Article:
An audit of first-aid treatment of pediatric burns patients and their clinical outcome

Cuttle, Leila, Kravchuk, Olena, Wallis, Belinda and Kimble, Roy M. (2009) An audit of first-aid treatment of pediatric burns patients and their clinical outcome. Journal of Burn Care and Rehabilitation, 30 6: 1028-1034. doi:10.1097/BCR.0b013e3181bfb7d1

Author Cuttle, Leila
Kravchuk, Olena
Wallis, Belinda
Kimble, Roy M.
Title An audit of first-aid treatment of pediatric burns patients and their clinical outcome
Journal name Journal of Burn Care and Rehabilitation   Check publisher's open access policy
ISSN 0273-8481
Publication date 2009-11
Sub-type Article (original research)
DOI 10.1097/BCR.0b013e3181bfb7d1
Volume 30
Issue 6
Start page 1028
End page 1034
Total pages 7
Place of publication Baltimore, MD, United States
Publisher Lippincott Williams and Wilkins
Language eng
Subject 11 Medical and Health Sciences
Abstract This study describes the first aid used and clinical outcomes of all patients who presented to the Royal Children’s Hospital, Brisbane, Australia in 2005 with an acute burn injury. A retrospective audit was performed with the charts of 459 patients and information concerning burn injury, first-aid treatment, and clinical outcomes was collected. First aid was used on 86.1% of patients, with 8.7% receiving no first aid and unknown treatment in 5.2% of cases. A majority of patients had cold water as first aid (80.2%), however, only 12.1% applied the cold water for the recommended 20 minutes or longer. Recommended first aid (cold water for >=20 minutes) was associated with significantly reduced reepithelialization time for children with contact injuries (P = .011). Superficial depth burns were significantly more likely to be associated with the use of recommended first aid (P = .03). Suboptimal treatment was more common for children younger than 3.5 years (P < .001) and for children with friction burns. This report is one of the few publications to relate first-aid treatment to clinical outcomes. Some positive clinical outcomes were associated with recommended first-aid use; however, wound outcomes were more strongly associated with burn depth and mechanism of injury. There is also a need for more public awareness of recommended first-aid treatment.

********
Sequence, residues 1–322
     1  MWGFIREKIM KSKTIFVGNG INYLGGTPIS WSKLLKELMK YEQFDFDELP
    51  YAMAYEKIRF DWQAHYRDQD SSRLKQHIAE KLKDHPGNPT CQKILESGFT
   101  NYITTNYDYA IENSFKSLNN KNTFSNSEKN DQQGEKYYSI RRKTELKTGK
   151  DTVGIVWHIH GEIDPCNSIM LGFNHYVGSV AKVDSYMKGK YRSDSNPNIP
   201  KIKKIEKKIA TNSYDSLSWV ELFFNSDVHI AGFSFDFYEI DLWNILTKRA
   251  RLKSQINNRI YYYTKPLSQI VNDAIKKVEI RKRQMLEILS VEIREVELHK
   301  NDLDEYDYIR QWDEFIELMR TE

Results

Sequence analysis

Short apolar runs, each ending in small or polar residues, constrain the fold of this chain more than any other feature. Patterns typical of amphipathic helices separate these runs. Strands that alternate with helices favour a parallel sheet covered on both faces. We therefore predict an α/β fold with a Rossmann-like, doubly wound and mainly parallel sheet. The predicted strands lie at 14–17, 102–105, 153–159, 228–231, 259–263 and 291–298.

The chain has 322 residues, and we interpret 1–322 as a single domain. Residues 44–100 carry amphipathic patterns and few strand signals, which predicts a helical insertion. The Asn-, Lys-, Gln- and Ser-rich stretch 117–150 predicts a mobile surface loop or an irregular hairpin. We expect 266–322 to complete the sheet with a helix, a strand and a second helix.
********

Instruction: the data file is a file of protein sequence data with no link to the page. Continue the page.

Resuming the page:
Q-Index Code C1
Q-Index Status Provisional Code
Institutional Status UQ

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Created: Sun, 29 Nov 2009, 00:03:56 EST